Yet another layer is the hiding of archetypes as symbols in myths, fairy tales, plays, books, movies, and even down to the comic strips we enjoy every day. And it pays to remember that each process has both a positive and negative expression. Internally, our most cruel critic can be transformed into the Wise Old Man because they represent the same process. The sweet young ingenue is the positive aspect of the bitch; the good mother, of the witch; and the mortal hero, of the villain.
All of the anthropocentric factors listed above can be seen as human projections of thearchetypal contents of the human psyche, and this insight is one of the great contributions thatJung has offered us because "it takes one to know one," and within ourselves we resonate with the awesome archetypal flow of the mystery we know as the cosmos (a word meaning beauty). Thus the archetypal process unites our inner and outer worlds, providing an opportunity for the ego to make the process conscious and meaningful. This uniting also accounts for synchronicities and may explain why astrology works. When the processes unite, there is a flashing glimpse of the unus mundus—the "One World."
Agrippa von Nettesheim, the alchemist, wrote, Virtutes pinae in res diffusae—"Divine powers are hidden in things." This reflects the insight that not a single object, either manifest in nature or manufactured by human hands, can exist without concealing archetypal processes. Thus it can be truly said that we can also find the sacred in the commonplace and so, by uncovering or discovering it, we can begin to appreciate the wondrous differentiation of the primal energy at the source of all manifestation. Nader Ardalan and Lelah Bhaktiar, writing in The Sense of Unity: The Sufi Tradition in Persian Architecture, express this beautifully from a Sufi viewpoint:
Symbols themselves are theophanies of the absolute in the relative. . . . The central postulateof the Way is that there is a hidden meaning in all things. Every thing has an outer as well as aninner meaning. Every external form is complemented by an inner reality which is its hidden eternal essence.
Another alchemist, Petrus Bonus ("good stone") wrote that to discover the Philosopher's Stonemeant "looking with the eyes and seeing with the heart," which would mean viewing the world with a loving eye. When we do this, we begin to learn how to enter the unus mundus—the one world that is the dwelling of the Self or our Divine Guest. As outer and inner become one, life can become both more meaningful and sacramental. As Jesus says in the Gospel according to Thomas, "Heaven is spread upon the earth, but men do not see it." Or as someone has observed, "There is another world, and it's hidden in this one!" Alchemy has an extensive list of processes designated by high-sounding Latin verbs. But those processes are applied over and over unconsciously by any cook in any kitchen! Try Sublimatio Souffle or Scrambled eggs Coagulatio!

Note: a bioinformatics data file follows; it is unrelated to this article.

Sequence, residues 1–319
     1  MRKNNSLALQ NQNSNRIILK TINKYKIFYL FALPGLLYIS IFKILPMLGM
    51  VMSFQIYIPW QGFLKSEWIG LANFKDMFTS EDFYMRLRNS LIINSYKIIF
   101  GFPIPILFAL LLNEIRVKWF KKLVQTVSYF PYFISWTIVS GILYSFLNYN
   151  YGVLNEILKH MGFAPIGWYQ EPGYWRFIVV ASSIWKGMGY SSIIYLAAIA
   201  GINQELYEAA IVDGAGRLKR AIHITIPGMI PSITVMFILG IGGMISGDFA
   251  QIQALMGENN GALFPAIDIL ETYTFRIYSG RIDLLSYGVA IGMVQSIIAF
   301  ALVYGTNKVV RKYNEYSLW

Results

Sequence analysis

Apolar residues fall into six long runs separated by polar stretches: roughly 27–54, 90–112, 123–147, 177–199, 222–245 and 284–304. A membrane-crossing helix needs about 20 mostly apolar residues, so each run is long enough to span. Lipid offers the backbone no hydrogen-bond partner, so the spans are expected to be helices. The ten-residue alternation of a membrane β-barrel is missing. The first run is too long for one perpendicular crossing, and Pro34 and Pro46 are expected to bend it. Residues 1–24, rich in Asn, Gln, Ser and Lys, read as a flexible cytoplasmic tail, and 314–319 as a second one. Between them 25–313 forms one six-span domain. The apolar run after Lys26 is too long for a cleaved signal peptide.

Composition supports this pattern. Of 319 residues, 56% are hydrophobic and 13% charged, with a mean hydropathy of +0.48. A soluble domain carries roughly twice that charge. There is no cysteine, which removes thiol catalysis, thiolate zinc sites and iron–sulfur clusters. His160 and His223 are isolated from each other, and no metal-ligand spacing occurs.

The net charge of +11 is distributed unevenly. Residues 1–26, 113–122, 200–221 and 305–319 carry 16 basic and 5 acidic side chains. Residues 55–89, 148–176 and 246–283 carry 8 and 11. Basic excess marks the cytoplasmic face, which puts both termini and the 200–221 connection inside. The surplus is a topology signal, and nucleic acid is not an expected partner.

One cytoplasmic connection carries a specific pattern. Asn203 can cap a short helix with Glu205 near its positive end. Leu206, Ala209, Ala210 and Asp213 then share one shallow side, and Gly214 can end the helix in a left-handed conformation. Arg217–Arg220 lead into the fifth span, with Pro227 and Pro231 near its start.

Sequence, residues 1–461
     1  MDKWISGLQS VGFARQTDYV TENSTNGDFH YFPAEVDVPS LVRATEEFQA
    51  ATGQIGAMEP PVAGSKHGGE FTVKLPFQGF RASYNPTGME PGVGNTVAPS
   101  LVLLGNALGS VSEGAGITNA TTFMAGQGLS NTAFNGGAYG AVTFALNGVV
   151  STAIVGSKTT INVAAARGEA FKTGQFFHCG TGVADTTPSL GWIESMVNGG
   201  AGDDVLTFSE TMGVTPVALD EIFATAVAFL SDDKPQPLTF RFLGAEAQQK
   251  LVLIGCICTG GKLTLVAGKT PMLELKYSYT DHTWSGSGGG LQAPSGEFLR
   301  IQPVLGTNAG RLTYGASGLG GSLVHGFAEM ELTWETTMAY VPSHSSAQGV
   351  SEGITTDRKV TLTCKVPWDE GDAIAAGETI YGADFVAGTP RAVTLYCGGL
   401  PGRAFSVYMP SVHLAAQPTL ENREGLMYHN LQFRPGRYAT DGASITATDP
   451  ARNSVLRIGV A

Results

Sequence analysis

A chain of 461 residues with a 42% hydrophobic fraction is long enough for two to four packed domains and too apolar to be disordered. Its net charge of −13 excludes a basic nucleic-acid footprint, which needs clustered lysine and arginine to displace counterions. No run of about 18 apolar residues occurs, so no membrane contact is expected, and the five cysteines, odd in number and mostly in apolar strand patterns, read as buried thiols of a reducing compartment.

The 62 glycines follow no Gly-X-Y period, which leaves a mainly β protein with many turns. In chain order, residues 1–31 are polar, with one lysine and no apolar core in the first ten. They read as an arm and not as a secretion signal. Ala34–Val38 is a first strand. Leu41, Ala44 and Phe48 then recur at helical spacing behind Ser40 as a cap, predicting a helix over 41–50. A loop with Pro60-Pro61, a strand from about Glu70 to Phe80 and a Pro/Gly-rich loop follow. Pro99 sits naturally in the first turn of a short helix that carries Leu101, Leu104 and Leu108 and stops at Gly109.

The key lies in our ability to think symbolically. The Greek verb symbolein means "to throwtogether" or "to unite." The symbol unites an outer and visible thing or event with an inner andspiritual meaning. (The antonym diabolein means "to separate" and is the origin of diabolos or devil! But that's another story.)
Taking God as a verb, the process we most clearly associate with this central mystery surely is creating. All myths universally start with some form of creation. So, out of darkness and chaos emerge light, life, and warmth. The "primordial image" is an abstraction that is pine. The next step is naming an unmanifest God of gods, next a manifest god or goddess. Keep in mind, these are still abstractions of verbs! The primal processes require a father (yang) god and a mother (yin) goddess, because only the process of mothering can give form to life, and the word matter comes from mater "mother."
The source of life and light in our solar system is the sun. The planets with their moons orbitthe sun. So symbolically, for early mankind the Sun was a symbol of God, the Creator, and the gods and goddesses were reflections or attributes of that primal source of Spirit. A modern five-year-old little girl, Tamar, said, "I close my eyes when I talk to God because God is like a great big sun (Ruth Seligman and Jonathan Mark, When Will the Lord Be Two?). That is the way an Egyptian would have addressed the god Ra three thousand years ago.
From the sun as an archetypal expression of the creative force, we pass to yet another layer—the number of religions using solar light or fire as symbols in their rituals and building their temples or churches to provide a sacred space or temenos to honor the Source. Fire is the element that multiplies; it can be shared over and over without losing its light.
Similarly, one seed when grown produces hundreds more. One work of art becomes as many as thereare people to see it, because no two people react to it exactly the same. One lecture becomes ahundred lectures, if a hundred people are present. It is not what is said but what is heard; not what is written but what is read. So subtly we can observe the archetypal how of "creating" moving through all the whats.